Many or all of the products featured here are from our partners who compensate us. This may influence which products we write about and where and how the product appears on a page. However, this does not influence our evaluations. Our opinions are our own. Here is a list of our partners and here's how we make money.
Rewards credit cards can be one of the best ways to rack up the points and miles you need to cover the cost of some (or all) of your next vacation.
That said, it’s perfectly normal to feel like you’ve gone months with a rewards balance worth only a couple bucks. You’re not the only one who checks their account balance and wonders when they’ll ever meaningfully accrue enough points to book a trip.
But it doesn’t have to be that way. It’s entirely possible to earn tens of thousands of points per year — without also spending thousands of dollars on your credit card. It just takes some work to maximize those rewards.
So how do you earn points faster? How do you earn more miles on your credit card? Here are six straightforward tips for earning more miles, points or cash back:
1. Hit the minimum spending requirement to earn a sign-up bonus
Most credit cards offer some sort of sign-up bonus, which is an influx of points, miles or cash in exchange for spending a certain amount of money within a specific period of time. And sign-up bonuses typically amount to a hefty enough chunk that they will likely make a big dent in the usual cost of your next vacation. You’d be hard-pressed to find any other way to earn that many miles and points that quickly.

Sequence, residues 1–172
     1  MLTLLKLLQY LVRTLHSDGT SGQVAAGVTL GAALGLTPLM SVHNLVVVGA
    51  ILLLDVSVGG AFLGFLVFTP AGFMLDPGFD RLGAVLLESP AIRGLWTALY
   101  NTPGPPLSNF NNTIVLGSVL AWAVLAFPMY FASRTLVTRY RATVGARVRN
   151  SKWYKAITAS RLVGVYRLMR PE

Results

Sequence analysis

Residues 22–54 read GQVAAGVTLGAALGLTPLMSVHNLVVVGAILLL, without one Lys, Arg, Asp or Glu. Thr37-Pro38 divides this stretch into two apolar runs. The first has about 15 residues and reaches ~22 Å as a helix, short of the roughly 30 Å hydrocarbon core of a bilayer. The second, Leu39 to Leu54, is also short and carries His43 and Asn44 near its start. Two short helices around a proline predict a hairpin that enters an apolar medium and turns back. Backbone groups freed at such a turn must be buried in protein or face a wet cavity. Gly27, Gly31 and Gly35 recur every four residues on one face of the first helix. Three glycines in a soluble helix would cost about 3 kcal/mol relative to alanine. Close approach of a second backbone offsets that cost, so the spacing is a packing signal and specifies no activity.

For example, here’s the sign-up bonus on Chase Sapphire Reserve®: Earn 60,000 bonus points after you spend $4,000 on purchases in the first 3 months from account opening. That's $900 toward travel when you redeem through Chase Ultimate Rewards®.
And air travelers might be interested in the sign-up bonus on the Southwest Rapid Rewards® Priority Credit Card: Earn 50,000 bonus points after spending $1,000 on purchases in the first 3 months.
But while sign-up bonuses can often be worth hundreds of dollars (and sometimes more than a thousand), never spend more than you otherwise intended, and never go into debt, just to earn the bonus. If you need to spend $3,000 in three months, but you only have the means to charge and pay off $500 per month, the sign-up bonus will be at least partially negated by finance charges. Avoid carrying credit card debt unless absolutely necessary.
Here are some strategies to help ensure you earn the bonus: